10 Surprising Facts About Magic In The Middle Ages
The Middle Ages are an enduring staple of our popular culture; many films, books, and television series draw on the medieval period as a backdrop for their plots and characters. These fictional works often represent a view of magic in medieval Europe that lacks the fascinating (and often bewildering) complexity of beliefs medieval people held.
10. Belief Was Considered A Pagan Superstition
In the early Middle Ages, it was not respectable to admit to a belief in magic. St. Augustine, an influential late antique theologian, denied that demons could grant people magical powers, allowing only that they could deceive people into thinking they had magical powers. This line of thought was followed by most early medieval legal and theological writing.
A Carolingian capitulary issued for the newly conquered (and newly Christianized) region of Saxony forbids killing a woman on suspicion of witchcraft on penalty of death, describing the crime as something done, “in the pagan manner.” The 10th-century text the Canon Episcopi instructs priests to preach to their flocks that the “phantasms” sent by the devil are false.
9. Sailors From A Realm Of Clouds Would Steal Crops
Of course, church condemnation doesn’t mean people stop believing. Around the same time as the Capitulary for Saxony was written, the Bishop of Lyons, Agobard, composed a treatise denouncing belief in magic. In the process, he tells us a lot about what people actually believed.
Agobard mentions that it was thought that weather mages could raise storms — and, most remarkably, sailors from the land of clouds sailed the sky and stole crops in collaboration with these weather mages. Although he does not mention crop stealing, Gervise of Tillsbury repeats stories about aerial sailors, including one who “drowns” in the earthly atmosphere almost 400 years after Agobrad. A possible explanation for the commonness of these stories is the phenomenon of the superior mirage, which can fool the eye into thinking there are indeed ships in the air.
8. Most Witchcraft Trials Involved A Single Defendant
While early medieval authorities were skeptical of the reality of magic, changing philosophical and theological opinions meant that by the 14th century, magic was considered a crime. However, these medieval witchcraft trials were different from the mass hysteria around witches that consumed the 16th and 17th centuries. There were very few cases where large numbers of unrelated people were tried at once.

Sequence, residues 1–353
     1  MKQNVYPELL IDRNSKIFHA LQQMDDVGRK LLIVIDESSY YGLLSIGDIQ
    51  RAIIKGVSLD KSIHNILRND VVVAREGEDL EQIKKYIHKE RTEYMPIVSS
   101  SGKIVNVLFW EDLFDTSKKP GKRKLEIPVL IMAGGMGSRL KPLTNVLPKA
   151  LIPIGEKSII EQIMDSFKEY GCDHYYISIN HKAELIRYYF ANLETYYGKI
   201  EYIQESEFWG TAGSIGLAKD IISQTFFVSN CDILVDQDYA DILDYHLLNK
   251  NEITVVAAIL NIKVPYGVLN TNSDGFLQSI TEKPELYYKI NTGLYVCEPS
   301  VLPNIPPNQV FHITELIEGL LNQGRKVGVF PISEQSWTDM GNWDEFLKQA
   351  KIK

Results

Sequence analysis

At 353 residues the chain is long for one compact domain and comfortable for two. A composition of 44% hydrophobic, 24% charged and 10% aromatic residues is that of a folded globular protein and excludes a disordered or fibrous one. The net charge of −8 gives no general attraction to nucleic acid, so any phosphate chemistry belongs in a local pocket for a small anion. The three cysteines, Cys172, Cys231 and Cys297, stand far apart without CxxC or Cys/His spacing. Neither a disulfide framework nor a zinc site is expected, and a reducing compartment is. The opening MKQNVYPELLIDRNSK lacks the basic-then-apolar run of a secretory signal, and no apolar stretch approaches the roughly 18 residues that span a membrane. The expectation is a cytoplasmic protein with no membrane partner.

The vast majority of witchcraft trials involved a single defendant or occasionally a small group. In cases were a group was tried, there was usually a relationship connecting them all, like belonging to the same household (servants being charged along with their masters or mistresses seems to be a common combination) or being political conspirators. The one exception is Philip the Fair’s mass executions during the suppression of the Templar order.
7. Religious Figures Practiced Magic As Well
The popular image of the medieval witch hunt would not be complete without an accompanying priest or monk to signify the supposed role of the church in the persecution of suspected witches. But sometimes, clergy themselves practiced magic, particularly forms that required learning and access to written materials.
The monks of St. Augustine’s in Canterbury kept 30 magic books in their library. The texts gave information on the rituals needed to summon spirits. Priests, particularly rural parish priests, might also be called upon to perform rituals that mixed magic with orthodox rites. A 12th-century English ritual to make fields fertile involved sprinkling clumps of earth with milk, honey, oil, herbs, and holy water, reciting passages from the Bible, and saying four Masses over them.
6. Not All Magic Was Serious
Medieval people also enjoyed that staple of Las Vegas stage and child’s birthday parties: sleight of height and magic tricks. A 14th-century book with the lofty title Secretum Philosphorum is mainly devoted not to the weighty matters of the Queen of the Sciences but to fun little experiments and tricks. One section instructs the reader on how to use invisible ink to play pranks on their friends, make an object appear to turn by itself, and escape after having their hands tied behind their back.